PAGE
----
Whenever my mother-in-law goes away, which is quite a rarity, Gabi, Jessie, Charlie (my cockatiel) and I move in with my father-in-law.
It is quite lovely; there is always food for us, we have all the help in the world and we don’t have to worry about anything material. After a few days, however, I start to miss home. I think that’s the same as any holiday; we take a while to settle in and then begin to miss the comforts of our own space which we’ve made. The possessions we have bought; the furniture and pictures which we’ve arranged; the pillows upon which we rely for a good night’s rest — these are all things which we begin to miss.
But surely this is a contradiction for my title and a truly over-used idiom, ‘Home is where the heart is.’ My wife, child and pet were with me, I was with my wife’s family, which is in turn my family, and my heart was here, not back in my flat, which was empty. So home, in this sense, isn’t a physical place. But why does one still feel so unsettled? (And I don’t think it’s because we still pay for our Wi-Fi and DSTV while away).
Dr. Frank McAndrew from Knox College, in Psychology Today, also writes about the ephemeral nature that is ‘home’. He speaks about our attachment to a certain place, and how “a strong attachment to the place that you live results in greater satisfaction with your home and expectations of future stability in that place.” He goes on to explain that these feelings go above the people with whom we share these surroundings. Rather, with the passing of time, we feel an emotional attachment to the physical area in which we live. He continues, “Because our physical surroundings play such an important role in creating a sense of meaning and organisation in our lives, it is not surprising that our sense of the place we live is closely tied to our sense of who we are.”
Our home is an extension of who we are. As I am from Johannesburg, which is still very much a home to me: I have a key-hanger made out of the Jo’burg skyline and a poster of that wonderful City of Gold in our lounge. We also have a poster of Cape Town, New York’s Central Park and Paris. Although the latter two may seem like clichés, these are places which have special meaning for us, and which we want to show to others. There is also a beautiful painting my wife made of Clifton which always warms my heart.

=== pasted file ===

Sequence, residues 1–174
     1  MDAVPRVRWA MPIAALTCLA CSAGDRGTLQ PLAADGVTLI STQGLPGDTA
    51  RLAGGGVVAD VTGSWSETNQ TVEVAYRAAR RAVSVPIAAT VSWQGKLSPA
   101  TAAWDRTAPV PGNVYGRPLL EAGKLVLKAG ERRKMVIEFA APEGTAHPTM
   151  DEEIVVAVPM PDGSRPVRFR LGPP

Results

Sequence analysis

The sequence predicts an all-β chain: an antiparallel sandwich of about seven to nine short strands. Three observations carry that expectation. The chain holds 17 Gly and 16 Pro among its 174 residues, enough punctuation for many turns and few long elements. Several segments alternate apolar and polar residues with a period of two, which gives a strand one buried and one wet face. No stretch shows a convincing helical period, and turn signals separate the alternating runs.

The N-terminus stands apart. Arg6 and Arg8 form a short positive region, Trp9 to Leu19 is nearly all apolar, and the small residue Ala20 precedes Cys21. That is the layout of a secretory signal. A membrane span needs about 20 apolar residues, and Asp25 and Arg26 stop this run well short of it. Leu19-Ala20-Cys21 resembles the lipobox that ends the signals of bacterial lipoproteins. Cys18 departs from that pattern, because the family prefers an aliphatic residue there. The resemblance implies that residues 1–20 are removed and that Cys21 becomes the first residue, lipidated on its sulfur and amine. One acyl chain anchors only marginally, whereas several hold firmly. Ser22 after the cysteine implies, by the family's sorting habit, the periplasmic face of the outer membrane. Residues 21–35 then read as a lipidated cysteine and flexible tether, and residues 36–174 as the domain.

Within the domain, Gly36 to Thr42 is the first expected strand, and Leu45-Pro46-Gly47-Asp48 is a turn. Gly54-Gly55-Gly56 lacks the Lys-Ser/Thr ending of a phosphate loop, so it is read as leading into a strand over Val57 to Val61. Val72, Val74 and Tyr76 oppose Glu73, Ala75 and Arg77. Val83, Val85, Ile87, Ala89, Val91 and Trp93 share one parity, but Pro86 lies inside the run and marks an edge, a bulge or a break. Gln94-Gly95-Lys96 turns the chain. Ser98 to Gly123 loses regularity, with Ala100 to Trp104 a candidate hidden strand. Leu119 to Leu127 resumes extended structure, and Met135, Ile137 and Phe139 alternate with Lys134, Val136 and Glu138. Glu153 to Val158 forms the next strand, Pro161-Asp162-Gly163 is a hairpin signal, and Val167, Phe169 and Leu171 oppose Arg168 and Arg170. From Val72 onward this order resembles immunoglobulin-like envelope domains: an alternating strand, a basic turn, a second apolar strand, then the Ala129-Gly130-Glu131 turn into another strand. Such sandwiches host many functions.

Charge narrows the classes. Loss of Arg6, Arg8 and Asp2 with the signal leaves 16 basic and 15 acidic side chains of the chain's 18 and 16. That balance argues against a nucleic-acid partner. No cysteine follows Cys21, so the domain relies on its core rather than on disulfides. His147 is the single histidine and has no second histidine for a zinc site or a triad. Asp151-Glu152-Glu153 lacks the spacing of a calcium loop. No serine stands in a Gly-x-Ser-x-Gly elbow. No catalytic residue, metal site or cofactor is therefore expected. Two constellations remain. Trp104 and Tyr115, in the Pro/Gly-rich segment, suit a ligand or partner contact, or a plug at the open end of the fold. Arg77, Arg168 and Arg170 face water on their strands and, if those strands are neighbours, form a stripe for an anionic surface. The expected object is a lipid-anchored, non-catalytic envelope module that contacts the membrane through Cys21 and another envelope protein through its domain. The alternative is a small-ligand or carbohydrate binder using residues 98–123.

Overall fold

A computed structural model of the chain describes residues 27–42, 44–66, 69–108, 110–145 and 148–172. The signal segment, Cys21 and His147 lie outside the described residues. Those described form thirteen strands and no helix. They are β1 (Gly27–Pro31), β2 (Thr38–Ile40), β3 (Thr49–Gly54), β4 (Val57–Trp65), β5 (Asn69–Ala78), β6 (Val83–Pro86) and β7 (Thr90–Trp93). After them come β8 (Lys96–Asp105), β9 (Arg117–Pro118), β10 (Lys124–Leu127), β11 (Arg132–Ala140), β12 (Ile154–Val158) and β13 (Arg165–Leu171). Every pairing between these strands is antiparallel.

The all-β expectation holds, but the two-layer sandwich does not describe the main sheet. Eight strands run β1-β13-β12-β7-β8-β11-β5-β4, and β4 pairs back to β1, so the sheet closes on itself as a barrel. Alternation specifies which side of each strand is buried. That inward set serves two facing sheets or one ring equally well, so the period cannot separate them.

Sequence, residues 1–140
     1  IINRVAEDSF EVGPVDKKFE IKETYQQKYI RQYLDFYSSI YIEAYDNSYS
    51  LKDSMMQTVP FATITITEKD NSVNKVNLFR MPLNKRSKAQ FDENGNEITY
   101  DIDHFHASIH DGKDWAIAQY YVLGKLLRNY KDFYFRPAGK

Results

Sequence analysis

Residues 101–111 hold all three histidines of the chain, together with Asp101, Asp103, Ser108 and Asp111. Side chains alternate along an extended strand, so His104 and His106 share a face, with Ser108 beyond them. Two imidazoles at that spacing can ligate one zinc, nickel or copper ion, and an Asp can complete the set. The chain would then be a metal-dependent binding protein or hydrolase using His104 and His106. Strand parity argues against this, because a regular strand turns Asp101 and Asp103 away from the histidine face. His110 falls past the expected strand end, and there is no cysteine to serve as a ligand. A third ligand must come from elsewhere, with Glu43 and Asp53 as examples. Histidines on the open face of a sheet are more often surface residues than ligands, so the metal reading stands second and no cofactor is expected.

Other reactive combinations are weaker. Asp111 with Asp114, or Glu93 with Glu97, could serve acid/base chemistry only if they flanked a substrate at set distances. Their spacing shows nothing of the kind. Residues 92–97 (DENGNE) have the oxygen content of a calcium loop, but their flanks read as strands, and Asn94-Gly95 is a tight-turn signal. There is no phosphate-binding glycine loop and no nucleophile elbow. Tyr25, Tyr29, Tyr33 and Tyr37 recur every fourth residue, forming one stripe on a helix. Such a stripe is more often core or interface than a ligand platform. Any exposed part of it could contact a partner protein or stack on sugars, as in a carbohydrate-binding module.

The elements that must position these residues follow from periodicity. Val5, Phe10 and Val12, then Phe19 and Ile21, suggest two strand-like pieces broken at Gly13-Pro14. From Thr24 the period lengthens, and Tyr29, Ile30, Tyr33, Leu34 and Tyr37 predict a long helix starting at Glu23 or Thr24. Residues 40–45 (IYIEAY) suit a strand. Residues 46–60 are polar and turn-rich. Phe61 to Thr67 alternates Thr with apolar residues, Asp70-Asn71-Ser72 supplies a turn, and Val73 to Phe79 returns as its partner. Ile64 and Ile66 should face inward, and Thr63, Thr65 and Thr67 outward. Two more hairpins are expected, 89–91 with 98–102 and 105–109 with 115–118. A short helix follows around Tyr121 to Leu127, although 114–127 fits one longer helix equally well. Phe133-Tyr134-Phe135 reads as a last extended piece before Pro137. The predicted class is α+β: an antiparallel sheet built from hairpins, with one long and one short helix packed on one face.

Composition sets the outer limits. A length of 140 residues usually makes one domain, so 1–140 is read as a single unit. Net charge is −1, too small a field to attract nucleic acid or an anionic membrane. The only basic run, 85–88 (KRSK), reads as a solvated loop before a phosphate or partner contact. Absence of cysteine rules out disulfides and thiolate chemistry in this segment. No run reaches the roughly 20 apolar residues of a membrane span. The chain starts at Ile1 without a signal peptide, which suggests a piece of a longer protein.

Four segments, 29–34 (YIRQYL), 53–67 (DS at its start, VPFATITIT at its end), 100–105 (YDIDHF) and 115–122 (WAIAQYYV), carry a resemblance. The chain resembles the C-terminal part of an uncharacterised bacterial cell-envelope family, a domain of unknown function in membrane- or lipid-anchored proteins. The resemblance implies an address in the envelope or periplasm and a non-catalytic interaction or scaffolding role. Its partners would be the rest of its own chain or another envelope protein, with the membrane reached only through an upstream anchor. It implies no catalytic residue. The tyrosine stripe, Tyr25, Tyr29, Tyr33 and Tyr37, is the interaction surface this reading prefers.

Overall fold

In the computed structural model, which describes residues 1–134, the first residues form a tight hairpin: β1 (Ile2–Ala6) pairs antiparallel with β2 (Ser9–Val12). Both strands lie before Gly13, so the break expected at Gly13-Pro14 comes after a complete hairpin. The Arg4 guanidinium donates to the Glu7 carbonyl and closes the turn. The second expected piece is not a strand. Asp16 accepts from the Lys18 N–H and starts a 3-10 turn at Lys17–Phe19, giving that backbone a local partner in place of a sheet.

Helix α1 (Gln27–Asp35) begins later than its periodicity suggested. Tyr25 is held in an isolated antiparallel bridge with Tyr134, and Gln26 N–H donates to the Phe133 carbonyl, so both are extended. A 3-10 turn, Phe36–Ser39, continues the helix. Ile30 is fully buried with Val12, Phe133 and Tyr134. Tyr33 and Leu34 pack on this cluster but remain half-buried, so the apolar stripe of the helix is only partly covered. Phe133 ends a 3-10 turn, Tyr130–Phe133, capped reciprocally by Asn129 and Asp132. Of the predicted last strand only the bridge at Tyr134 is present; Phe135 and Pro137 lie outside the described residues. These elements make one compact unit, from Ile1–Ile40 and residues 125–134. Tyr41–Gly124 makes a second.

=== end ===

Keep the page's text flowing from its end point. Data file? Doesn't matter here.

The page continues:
In an article by Julie Beck in The Atlantic, she criticises the ‘Western’ notion that the individual remains unchanged, regardless of location. She posed the question, “People and the places where they reside are engaged in a continuing set of exchanges; they have determinate, mutual effects upon each other because they are part of a single, interactive system.” She continues, “on some level we do recognise the importance of place. The first thing we ask someone when we meet them, after their name, is where they are from, or the much more interestingly-phrased “where’s home for you?” We ask, not just to place a pushpin for them in our mental map of acquaintances, but because we recognise that the answer tells us something important about them.”
Recently there was a South African-born Australian who wrote to the Cape Times, speaking about the diplomatic spat between these two countries. The Australian Minister for Home Affairs commented that he wanted to prioritise visas for white South Africans. Our Minister of International Relations, Lindiwe Sisulu, quite correctly took umbrage with this statement. There were many comments in the communities of both countries. And for this new Australian citizen this resonated deeply for him. He perceived the comments as naïve and racist. Maybe these issues about race and land, issues which have driven South Africans away from our shores, created a feeling of empathy for those who were affected by these statements, causing him to respond.
I am privileged enough to be going on March of the Living with the Grade 11s from Herzlia and King David. This incredible programme, created by the South African Holocaust and Genocide Centre, is no doubt an amazing experience, and I shall certainly be writing about it for next month’s Chronicle. But for now, I will be thinking about what home is, and how our ancestral home, der heim, was destroyed during the Holocaust. This gives the opportunity for many to feel that physical sense of what was once many of our ancestors’ homes; i.e. our collective memory. Perhaps it will enlighten me as to how our spiritual or emotional home, as a Jew, evolved from our historical homes.
And so, when I return, I will be returning to Cape Town, my physical and current home, via Johannesburg, my childhood home, from Poland, my ancestral home. I am laying down memories for the future, which have been shaped by my childhood memories, and the collective memory that holds us together as Jews. Home definitely is where the heart is.
It is both the physical manifestation of where we have created and still create memories, and the emotional connection to these spaces or areas. Wherever you live, I hope that you have a home where you feel safe, sheltered and happy. I certainly do.
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